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Old 07-28-2009, 02:50 PM   #1
Paddles
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Default Kentucky Common

I'm a babe in the woods here, having only brewed one beer, and that from a pre-arranged kit (They provided the yeast, hops, and grain all premeasured, crushed, etc...). But now I'm wanting to set out a little and try and follow a recipe I found online for a Kentucky Common:

1908 Kentucky Common
by Mike Dixon

5 gallon recipe


6 lb. Marris Otter (Sour 20%, see below)
13 oz. American crystal 120L
3.5 oz. American chocolate
2 lb. Gelatinized grits (see below)

158 F for 1 hour
170 F for 10 min.

90 minute boil

0.5 oz. Cluster (6.5% AA, 65 min.)
0.5 oz. Cluster (6.5% AA, 30 min.)
0.5 oz. Cluster (6.5% AA, 2 min.)

Neutral yeast. (I used Danstar Nottingham.)

OG 1.048

FG 1.016-1.018

IBU 24

SRM 18

Sour 20% of the Marris Otter for 2 1/2 days using yogurt culture or raw grain. Mash first at 158F and after 170F mashout reduce to 90-105F and add yogurt or raw grain. Combine sour mash with main mash before sparge.

Gelatinize grits by boiling for 30 minutes. I found it took about 1 gallon water per pound of grits to keep them runny.


There were two versions given in the different editions of Wahl and Henius. The specs for each were:

1902 Edition OG 1.040-1.044, ~20 IBU, 30% corn

1908 Edition OG 1.040-1.050, 20-30 IBU, 25-35% corn, slight lactic sourness



Now, while I hope to expand in the future, right now I'm only set up to brew one gallon at a time. I figure that until I'm a bit more practiced, I'll be glad I don't have to drink 5 gallons of the stuff I turn out...

But my question is, can I take this 5 gallon recipe and divide the amount of every single ingredient by 5? Or is there some give and take where you still need x amount of yeast, or y amount of grain regardless of how small a batch you make?

I apologize if I'm getting way ahead of myself here, but any insights would be greatly appreciated!


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Old 07-28-2009, 02:57 PM   #2
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Are you setup to do all-grain brewing? Did your first recipe include malt extract, either dry or liquid?


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Old 07-28-2009, 03:04 PM   #3
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I assume that what I did was all grain brewing. Apologies for my ignorance terminology-wise, hopefully a few days on the board will help remedy that!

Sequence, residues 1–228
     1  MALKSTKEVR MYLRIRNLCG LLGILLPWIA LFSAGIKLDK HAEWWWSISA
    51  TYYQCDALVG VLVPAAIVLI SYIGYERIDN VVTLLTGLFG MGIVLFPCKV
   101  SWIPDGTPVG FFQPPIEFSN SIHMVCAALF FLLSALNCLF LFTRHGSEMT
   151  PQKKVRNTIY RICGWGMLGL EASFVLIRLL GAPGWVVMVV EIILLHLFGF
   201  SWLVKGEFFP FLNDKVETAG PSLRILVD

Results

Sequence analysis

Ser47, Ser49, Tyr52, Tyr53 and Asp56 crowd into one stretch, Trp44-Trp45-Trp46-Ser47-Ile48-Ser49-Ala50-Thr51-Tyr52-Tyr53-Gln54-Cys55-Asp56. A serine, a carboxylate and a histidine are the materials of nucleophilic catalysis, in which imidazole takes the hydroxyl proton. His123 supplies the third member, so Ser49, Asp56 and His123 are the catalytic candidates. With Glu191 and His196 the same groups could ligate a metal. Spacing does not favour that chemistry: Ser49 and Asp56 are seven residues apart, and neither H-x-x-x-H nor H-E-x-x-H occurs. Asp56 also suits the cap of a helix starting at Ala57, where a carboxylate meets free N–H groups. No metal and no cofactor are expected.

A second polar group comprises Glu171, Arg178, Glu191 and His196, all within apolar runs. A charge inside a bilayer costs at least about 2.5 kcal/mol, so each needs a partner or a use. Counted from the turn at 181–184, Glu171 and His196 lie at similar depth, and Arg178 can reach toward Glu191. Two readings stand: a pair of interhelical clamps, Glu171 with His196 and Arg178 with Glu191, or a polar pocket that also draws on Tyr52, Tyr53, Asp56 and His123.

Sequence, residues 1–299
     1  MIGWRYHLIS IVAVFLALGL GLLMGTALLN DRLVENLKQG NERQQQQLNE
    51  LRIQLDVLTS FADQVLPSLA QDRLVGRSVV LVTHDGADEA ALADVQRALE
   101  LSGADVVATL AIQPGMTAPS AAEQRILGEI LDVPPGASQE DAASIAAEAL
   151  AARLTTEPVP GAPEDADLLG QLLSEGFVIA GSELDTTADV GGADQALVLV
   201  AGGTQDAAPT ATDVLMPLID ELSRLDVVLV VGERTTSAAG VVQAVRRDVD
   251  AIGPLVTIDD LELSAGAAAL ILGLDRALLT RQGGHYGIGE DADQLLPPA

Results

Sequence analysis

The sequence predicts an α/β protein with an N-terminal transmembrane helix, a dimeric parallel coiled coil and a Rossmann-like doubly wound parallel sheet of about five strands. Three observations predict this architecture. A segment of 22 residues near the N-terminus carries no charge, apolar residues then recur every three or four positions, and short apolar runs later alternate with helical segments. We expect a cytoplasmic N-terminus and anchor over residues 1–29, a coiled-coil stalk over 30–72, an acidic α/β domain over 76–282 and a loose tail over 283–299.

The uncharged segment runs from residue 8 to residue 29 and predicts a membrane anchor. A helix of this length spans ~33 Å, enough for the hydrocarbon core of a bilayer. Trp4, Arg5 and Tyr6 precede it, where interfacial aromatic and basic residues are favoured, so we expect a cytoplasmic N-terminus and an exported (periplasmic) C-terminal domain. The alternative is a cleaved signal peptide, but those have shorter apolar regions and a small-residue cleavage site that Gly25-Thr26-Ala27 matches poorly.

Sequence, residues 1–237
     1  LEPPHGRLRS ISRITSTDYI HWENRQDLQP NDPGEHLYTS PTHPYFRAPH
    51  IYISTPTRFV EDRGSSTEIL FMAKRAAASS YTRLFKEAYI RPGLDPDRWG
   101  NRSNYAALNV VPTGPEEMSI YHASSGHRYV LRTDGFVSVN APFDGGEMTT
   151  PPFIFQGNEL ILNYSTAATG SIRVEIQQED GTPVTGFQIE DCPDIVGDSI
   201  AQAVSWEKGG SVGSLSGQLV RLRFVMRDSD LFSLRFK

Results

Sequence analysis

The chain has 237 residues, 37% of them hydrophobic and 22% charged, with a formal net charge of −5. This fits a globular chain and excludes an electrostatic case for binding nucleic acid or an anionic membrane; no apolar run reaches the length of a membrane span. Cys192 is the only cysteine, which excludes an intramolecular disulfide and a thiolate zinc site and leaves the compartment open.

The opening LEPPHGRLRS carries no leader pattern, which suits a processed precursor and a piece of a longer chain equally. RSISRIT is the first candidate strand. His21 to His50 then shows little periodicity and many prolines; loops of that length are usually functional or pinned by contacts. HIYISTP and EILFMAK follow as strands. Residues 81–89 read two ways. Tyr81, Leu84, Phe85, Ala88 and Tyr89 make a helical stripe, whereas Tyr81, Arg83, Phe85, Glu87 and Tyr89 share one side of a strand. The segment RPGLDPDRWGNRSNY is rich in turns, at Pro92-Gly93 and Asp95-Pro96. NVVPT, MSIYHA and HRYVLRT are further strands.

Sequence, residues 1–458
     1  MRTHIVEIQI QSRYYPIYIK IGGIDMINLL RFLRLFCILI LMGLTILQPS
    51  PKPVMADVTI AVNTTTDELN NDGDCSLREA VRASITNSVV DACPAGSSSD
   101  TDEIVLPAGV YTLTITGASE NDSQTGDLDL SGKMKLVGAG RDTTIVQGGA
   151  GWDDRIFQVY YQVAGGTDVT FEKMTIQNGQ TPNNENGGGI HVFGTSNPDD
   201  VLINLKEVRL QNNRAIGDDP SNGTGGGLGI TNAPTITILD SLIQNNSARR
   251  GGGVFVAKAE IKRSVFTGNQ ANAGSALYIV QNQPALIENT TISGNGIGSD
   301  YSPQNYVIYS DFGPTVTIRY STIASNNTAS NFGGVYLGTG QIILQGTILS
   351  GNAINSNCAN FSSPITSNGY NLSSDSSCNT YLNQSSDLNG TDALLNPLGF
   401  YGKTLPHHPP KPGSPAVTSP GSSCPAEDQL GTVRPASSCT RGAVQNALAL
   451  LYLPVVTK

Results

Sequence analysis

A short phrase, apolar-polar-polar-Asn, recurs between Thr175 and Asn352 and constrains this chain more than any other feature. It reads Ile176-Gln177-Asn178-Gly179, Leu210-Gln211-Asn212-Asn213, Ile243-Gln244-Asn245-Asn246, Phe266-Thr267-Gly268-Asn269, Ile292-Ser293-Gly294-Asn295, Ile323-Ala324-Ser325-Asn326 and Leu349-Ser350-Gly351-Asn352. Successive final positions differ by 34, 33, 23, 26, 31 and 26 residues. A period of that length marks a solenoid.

But the kit I was given was two different types of grain that I crushed up, then cooked, strained, boiled with hops, mixed with maple syrup, fermented with yeast (First with a tube going into a cup of water, then with an airlock for 2 weeks) then bottled for a couple more weeks. So I think I'm all set...?
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Old 07-28-2009, 03:25 PM   #4
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Kentucky Common??? Is that when you "blend" two beers from the same style "family"?
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Old 07-28-2009, 03:28 PM   #5
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Quote:
Originally Posted by macabra11 View Post
Kentucky Common??? Is that when you "blend" two beers from the same style "family"?
No, it's a forgotten beer style. I made one last fall and it was pretty popular, that recipe looks pretty good. If I try it again I would probably use the same recipe with a 50% 2 day sour mash.
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Old 07-28-2009, 05:19 PM   #6
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Alright, well, based on everything I'm finding, it doesn't seem like there's any reason I can't split the recipe (Dividing everything by 5) and since this is my first crack at souring (Which seems like potentially risky business) I don't want to upgrade to 5 gallons for it.

So I got my ingredients ordered and look forward to giving it the ol' college try once my jug (Which just started secondary fermenting a Chocolate Maple Porter) is free. I'll be sure to share the results!
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Old 07-28-2009, 08:56 PM   #7
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I just brewed my take on a KY Common. I mashed normally (all the grains), and let it sit for a day to sour, however, I let it vent and it ended up with some mold and nastiness on the top. I scraped that off and everything seems just fine. Tasted and smelled good. I ended up getting 93% efficiency when my recipe was for 75%, so it's about .01 higher than it should be. Hopefully it turns out well. I used California Ale from White Labs. I'm going to keep brewing this until I perfect it. Post up how that one turns out.
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Old 07-29-2009, 02:17 AM   #8
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Yes you can divide it out to make one gallon batches
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Old 07-29-2009, 02:08 PM   #9
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Quote:
Originally Posted by macabra11 View Post
Kentucky Common??? Is that when you "blend" two beers from the same style "family"?
lmao!!! too bad no one else got that this was a joke!
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Old 07-29-2009, 02:15 PM   #10
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I was too outraged by the gross generalization to acknowledge it.

Especially since everyone knows that's West Virginians...


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